In parts of Queensland’s arid outback, borehole water pumped from deep underground is so hot it must be cooled before drinking.
- A Queensland outback council has built what was believed to be Australia’s only operating geothermal power station
- The council is suing the business arm of the Local Government Association of Queensland over the failure of the project
- Plans to build new geothermal power plants in western Queensland have stalled
A $4 million geothermal power plant in Winton has been built to use naturally hot water to create electricity.
The renewable energy project was to be the only operating geothermal power plant in the country and was touted as the start of a geothermal boon to the region.
But more than two years after the end of construction, it has never supplied electricity and is not operational.
“It’s disappointing, to say the least, for such great potential for water coming into town,” said Winton Shire Council Mayor Gavin Baskett.
The plant was designed to use hot water at 86 degrees Celsius from the Great Artesian Basin to generate electricity to power municipal buildings and the city museum, the Waltzing Matilda Centre.
In a design study, project manager Peak Services – which belongs to the Local Government Association of Queensland (LGAQ) – estimated that the council could save more than $15 million in the first 20 years of operation.
“I can understand councilors at the time seeing these fantastic numbers and the potential and what they could do with the money to provide services and infrastructure to the community,” Mr. Baskett said.
Construction was completed in 2019, but problems arose during the commissioning phase of the project.
“It became operational, but during that commissioning phase there were issues, so it wouldn’t have been able to sustain operation and certainly wouldn’t have been able to operate as intended.
“It was just decided to shut it down and try to rectify those issues.”
The town hall takes legal action
The Winton Shire Council is now suing Peak Services for the failure of the project.
Court documents allege a host of technical problems and management failures, which the board says could ultimately render the plant “worthless”.
Peak Services has not yet filed a defence.
“It is inappropriate to comment as the matter is before the courts,” a Peak Services spokesperson said.
Former advisers who approved the project in 2016 said they fully trusted Peak Services’ expertise at the time.
“They said it would be good for the city, and we were the first to do it,” former councilor Joel Mann said.
“Every time they told us more, it just wasn’t viable.
Mr Mann and fellow councilor Travis Harbor voted for a motion to abandon the project before construction and move to a solar project.
This motion was defeated.
“The feeling was that the process was too advanced,” said Mr Harbor.
“But to my way of thinking, if you tie a horse to a tree and it starts to rain and the flood waters come up, you don’t just stand there and shake your shoulders and watch the horse drown.”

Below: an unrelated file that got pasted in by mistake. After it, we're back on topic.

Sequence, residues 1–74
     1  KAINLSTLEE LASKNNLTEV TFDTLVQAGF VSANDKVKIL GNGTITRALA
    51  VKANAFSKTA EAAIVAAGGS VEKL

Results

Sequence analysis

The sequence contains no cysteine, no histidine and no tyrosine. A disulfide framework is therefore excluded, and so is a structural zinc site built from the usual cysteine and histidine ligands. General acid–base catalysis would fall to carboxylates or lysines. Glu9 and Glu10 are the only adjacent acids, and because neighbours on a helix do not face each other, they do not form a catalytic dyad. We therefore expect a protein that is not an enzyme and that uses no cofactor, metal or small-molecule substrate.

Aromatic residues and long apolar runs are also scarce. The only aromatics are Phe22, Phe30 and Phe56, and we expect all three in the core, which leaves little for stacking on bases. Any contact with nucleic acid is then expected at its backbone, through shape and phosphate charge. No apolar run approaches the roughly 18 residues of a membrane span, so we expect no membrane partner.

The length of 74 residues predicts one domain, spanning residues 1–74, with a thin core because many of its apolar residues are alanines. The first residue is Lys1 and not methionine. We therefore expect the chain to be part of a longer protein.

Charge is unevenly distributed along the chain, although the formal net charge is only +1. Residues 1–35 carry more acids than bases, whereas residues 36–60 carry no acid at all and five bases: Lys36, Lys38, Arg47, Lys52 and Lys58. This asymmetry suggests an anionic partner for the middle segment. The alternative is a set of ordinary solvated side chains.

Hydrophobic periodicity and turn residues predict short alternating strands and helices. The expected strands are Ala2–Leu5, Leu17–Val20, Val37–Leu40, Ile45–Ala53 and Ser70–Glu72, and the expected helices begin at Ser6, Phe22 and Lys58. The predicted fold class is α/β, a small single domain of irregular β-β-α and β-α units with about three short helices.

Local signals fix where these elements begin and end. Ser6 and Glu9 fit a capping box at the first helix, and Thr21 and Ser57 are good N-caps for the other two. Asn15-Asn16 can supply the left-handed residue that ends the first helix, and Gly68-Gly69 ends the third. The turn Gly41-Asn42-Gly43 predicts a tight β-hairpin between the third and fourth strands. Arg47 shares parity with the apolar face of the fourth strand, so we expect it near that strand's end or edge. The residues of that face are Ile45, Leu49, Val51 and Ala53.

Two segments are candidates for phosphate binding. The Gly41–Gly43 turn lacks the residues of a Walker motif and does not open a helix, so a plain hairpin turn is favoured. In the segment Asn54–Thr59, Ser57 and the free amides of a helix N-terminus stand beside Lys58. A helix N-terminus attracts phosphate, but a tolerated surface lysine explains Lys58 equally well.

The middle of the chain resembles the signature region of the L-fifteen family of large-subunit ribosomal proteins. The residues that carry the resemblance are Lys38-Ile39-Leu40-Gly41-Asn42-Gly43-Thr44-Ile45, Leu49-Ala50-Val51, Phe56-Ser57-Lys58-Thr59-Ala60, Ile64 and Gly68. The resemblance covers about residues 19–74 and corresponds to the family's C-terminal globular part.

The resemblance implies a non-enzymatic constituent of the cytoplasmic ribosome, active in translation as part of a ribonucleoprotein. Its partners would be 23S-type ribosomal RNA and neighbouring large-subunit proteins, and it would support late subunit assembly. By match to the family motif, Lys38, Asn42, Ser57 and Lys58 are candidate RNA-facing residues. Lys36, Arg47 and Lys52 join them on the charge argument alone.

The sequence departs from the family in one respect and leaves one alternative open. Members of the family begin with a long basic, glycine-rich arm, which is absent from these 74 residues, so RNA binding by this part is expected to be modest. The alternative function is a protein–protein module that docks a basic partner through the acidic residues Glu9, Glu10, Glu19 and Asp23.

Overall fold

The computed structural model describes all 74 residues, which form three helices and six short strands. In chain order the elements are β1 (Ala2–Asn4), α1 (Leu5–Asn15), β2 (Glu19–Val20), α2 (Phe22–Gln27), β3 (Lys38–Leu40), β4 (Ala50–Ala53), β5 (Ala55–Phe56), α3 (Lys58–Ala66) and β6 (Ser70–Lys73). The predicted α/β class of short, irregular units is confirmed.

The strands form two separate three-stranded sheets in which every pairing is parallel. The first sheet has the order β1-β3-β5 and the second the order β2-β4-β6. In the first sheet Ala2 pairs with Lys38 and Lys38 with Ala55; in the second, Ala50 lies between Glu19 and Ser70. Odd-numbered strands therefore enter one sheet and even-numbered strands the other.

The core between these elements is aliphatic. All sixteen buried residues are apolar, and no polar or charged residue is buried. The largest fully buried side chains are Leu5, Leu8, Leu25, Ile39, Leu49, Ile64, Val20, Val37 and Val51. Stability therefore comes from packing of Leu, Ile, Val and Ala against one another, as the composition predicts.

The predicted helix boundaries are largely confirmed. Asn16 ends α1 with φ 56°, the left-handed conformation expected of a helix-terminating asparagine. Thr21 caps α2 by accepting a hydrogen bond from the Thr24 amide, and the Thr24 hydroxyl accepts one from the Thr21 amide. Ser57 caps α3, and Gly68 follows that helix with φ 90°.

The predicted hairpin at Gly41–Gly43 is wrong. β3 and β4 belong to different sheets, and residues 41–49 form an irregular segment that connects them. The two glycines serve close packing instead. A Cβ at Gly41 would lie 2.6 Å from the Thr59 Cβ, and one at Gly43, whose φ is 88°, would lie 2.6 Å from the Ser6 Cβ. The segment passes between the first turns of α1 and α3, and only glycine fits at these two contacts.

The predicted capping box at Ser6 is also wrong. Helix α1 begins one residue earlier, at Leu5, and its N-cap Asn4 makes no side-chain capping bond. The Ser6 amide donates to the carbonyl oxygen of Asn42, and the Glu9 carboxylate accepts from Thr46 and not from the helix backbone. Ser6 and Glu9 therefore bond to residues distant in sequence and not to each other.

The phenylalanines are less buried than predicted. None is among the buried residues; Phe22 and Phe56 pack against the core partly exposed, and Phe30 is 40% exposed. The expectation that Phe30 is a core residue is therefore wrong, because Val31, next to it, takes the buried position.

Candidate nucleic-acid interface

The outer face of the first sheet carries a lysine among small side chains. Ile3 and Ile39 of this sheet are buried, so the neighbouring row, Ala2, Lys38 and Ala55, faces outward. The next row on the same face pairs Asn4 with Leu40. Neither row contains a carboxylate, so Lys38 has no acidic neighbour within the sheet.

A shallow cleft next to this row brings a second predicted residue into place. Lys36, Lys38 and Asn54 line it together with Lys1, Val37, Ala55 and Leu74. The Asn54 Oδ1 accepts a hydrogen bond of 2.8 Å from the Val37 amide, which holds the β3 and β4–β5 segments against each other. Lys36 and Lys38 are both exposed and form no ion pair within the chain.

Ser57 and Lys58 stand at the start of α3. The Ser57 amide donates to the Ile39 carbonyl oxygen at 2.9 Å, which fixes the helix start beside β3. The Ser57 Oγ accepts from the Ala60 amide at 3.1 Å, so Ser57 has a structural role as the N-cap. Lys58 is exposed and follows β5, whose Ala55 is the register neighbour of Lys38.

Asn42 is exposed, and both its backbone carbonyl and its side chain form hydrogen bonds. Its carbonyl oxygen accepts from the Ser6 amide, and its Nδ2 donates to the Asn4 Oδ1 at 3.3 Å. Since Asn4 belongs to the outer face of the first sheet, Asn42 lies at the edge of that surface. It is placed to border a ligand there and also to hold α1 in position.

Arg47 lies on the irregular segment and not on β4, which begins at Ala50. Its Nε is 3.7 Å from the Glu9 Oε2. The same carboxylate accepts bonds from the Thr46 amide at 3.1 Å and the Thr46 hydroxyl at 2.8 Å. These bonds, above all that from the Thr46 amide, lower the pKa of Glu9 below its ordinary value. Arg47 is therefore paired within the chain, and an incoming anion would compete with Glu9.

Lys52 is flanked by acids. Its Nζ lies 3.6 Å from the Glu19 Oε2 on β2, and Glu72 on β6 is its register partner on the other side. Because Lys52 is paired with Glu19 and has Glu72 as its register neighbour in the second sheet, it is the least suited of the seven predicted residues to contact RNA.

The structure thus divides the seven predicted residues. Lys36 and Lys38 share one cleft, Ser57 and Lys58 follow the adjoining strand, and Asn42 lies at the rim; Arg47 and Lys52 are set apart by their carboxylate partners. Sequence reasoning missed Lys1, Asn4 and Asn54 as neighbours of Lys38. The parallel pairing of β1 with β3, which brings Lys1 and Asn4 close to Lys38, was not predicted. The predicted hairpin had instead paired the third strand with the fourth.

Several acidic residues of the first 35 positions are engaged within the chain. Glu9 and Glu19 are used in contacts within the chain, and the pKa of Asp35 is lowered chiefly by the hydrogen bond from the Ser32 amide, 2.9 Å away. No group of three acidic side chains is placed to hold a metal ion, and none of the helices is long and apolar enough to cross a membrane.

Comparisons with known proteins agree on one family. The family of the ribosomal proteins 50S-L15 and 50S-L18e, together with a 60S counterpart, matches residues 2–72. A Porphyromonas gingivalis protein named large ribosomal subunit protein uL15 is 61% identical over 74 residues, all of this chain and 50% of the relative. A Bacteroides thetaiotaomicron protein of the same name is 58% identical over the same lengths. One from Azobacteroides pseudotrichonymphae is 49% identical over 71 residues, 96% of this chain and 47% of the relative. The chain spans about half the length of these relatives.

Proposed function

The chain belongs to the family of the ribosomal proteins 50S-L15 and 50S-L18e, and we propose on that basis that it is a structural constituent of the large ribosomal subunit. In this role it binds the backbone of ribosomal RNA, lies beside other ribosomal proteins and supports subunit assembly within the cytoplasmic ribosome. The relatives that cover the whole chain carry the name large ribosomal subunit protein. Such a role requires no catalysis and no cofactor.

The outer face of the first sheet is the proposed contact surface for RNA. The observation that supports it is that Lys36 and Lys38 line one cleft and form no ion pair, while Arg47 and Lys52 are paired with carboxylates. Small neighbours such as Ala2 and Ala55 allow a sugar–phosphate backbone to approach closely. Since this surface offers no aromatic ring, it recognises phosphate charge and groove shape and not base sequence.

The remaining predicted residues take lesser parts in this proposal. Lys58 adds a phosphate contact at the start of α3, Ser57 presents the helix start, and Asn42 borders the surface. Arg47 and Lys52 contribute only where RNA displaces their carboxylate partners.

“Dodged a Bullet”
The Winton plant was one of several the LGAQ had planned for Western Queensland.
Others planned for Thargomindah, Quilpie, Normanton and Ilfracombe near Longreach, have all stalled.
Bulloo Shire Council Mayor John Ferguson said Peak Services had approached them with the idea of a geothermal power station at Thargomindah and the state government had provided a $3.6 million grant for the project in 2017.
“The project we wanted to do was to power the whole town, so give people cheap electricity,” Mr Ferguson said.
“All the news we were getting from Winton was that it wasn’t working yet, to lay off, so we did.
“We dodged a bullet.”
The future of the geothermal power plant in the balance
The Winton Shire Council is trying to determine if the project is salvageable or to reduce its losses.
“Trying to find a way forward that’s best for everyone, especially our taxpayers,” Baskett said.
“That’s one of the discussions we’re having right now, how much it will cost to bring the plant up to the operational level that we expect and who will pay for it.
“On the board side, we think we’ve provided enough funds so far to get him to where he is and we don’t really want to invest more in it.”
Lenny Coyte, who worked for the technology company involved in the project, Green Thermal Energy Technologies, said the Winton plant could be repaired.
“There were a few issues early on…but that doesn’t mean the technology won’t work. The technology actually works,” Mr Coyte said.
Mr Mann said the factory was a town sore spot among locals.
“He is described as a white elephant,” Mr. Mann said.
The geothermal debate continues
Martin Pujol, principal hydrogeologist at Rockwater, said that at 86C, the Winton project would have been one of the lowest temperatures used in the world to generate electricity.
“It is unfortunate that technical issues prevented the project from delivering on its promise, but power generation has always been a challenge at these low temperatures,” Pujol said.
“To use energy directly, which requires no conversion, hasn’t been so sexy for some reason.
“It’s really the silent success…all the geothermal projects in Australia right now are all producing heat.”
Despite this setback, the City of Winton remains open to future opportunities in renewable energy.
“I haven’t lost faith in them, but I will tread carefully,” Mr Baskett said.